“Everybody was taking time at the moment to really reflect on themselves and how they live their lives,” Hoey says. “Since we’d made so many records, it was very much about thinking about what we’ve done and trying to find a new voice.”

And find one they did. The timbre of that voice: moody, understated and evocative. It was the luminous “Cold Water” that set the rest of the album in motion. “I think it harnesses all those great things about Cut Copy that I really enjoy,” says Hoey, “like these very emotional lyrics that Dan writes that help sum up what’s happening, especially now.”

Brian Eno once offered budding artists the following piece of advice: “Regard your limitations as secret strengths, or as constraints that you can make use of.” Cut Copy took that advice to heart and made use of it (as well as the very console that Eno himself used to mix David Bowie’s Lodger), infusing Freeze, Melt with a marvelous sense of spatiality. By adopting a strict regimen of doing more with less, they revealed not only the songs’ interior architecture, but a glimpse into the inner workings of the band itself. But staying with it wasn’t always easy.

“We fell into our old way of working, where we were layering up drums, adding heaps of guitar and more keyboards and adding more hooks and stuff like that,” admits Hoey. “The songs tend to lose some of their magic. So, we began stripping more away and almost starting again.”

Where Cut Copy’s music has always radiated warmth and light, Freeze, Melt is set at a far lower temperature, with a distinctly nocturnal feel. In the midst of “Like Breaking Glass,” Whitford intones, “With the light there is darkness that runs right through,” and darkness indeed runs right through Freeze, Melt like frigid polar winds through the City of Spires. It’s not only the chill of the climate, but the light – up to 17 hours of it in summertime, as few as seven in the winter – that has the power to disorient. So goes the chorus to “Cold Water”: “The sky is falling down, or am I falling up?”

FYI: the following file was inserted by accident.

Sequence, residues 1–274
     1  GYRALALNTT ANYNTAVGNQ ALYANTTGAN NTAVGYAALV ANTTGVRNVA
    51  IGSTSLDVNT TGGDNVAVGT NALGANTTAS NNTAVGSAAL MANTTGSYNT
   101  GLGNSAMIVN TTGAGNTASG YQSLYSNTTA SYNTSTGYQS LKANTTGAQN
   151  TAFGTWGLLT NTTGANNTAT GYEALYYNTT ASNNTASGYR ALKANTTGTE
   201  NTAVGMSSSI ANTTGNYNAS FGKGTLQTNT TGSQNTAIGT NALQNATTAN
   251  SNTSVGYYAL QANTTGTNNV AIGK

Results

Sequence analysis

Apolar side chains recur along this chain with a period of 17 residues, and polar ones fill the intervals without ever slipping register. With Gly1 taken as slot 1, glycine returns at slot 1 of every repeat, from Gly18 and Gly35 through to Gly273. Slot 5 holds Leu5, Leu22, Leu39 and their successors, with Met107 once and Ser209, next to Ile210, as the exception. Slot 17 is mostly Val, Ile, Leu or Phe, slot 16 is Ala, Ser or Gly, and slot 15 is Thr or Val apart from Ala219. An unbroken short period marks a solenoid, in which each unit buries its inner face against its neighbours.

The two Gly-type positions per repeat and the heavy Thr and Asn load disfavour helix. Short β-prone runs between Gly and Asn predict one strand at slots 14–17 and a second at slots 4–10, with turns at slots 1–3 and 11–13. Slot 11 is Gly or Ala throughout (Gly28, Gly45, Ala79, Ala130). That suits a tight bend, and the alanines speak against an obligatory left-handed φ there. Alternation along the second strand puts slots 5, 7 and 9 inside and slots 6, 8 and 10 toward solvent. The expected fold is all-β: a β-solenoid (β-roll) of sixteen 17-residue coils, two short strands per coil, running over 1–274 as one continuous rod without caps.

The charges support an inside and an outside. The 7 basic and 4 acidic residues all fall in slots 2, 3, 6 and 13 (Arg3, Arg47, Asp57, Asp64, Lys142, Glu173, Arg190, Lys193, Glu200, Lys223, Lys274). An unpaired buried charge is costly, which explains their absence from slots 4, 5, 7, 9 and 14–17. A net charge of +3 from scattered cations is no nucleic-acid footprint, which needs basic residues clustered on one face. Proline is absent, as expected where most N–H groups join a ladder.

“A lot of art is a product of its environment,” Hoey explains, “so it helped it feel like it played a part on the sounds on the record and the direction that it headed in. We used sounds that you could describe as colder instruments like a lot more digital synthesizers, less guitars. There is guitar, but it’s quite heavily processed through various kinds of effects. The idea of sparseness and these more icy kind of sounds helped shape the sound.”

For all its understated ambience, Freeze, Melt isn’t entirely without upbeat moments, not only on “Cold Water” and “Like Breaking Glass,” but on “Running in the Grass” and “A Perfect Day,” all of which would move the flower-crowned set to its feet if festivals were still happening. Each Cut Copy album sets hearts on fire in its own unique way, but Freeze, Melt inhabits a quiet intensity all its own. Haiku from Zero it isn’t, but nowhere is it written that it needs to be.

“It’s probably going to be different for people that have listened to Cut Copy from the beginning,” says Hoey. “But I’m really proud of sticking to this idea and this direction that we went in. This feels like the biggest step forward that we’ve done probably since [2008’s] In Ghost Colors.”

Freeze, Melt departs on a subdued note with “In Transit,” glowing from within like the northern lights. The final song on each Cut Copy album often hints at where the band will go next, and if track number eight is any indication, the band intends to continue along an ambient plane, for it not only embraces minimalism now, but it glories in it.

“There are a lot of moments on this record that I didn’t anticipate,” Hoey says. “Ten years ago, I never thought we would make an album like this, but now it to me feels like the most exciting thing we’ve done for a really long time. I’m proud to be excited by what we’re doing.”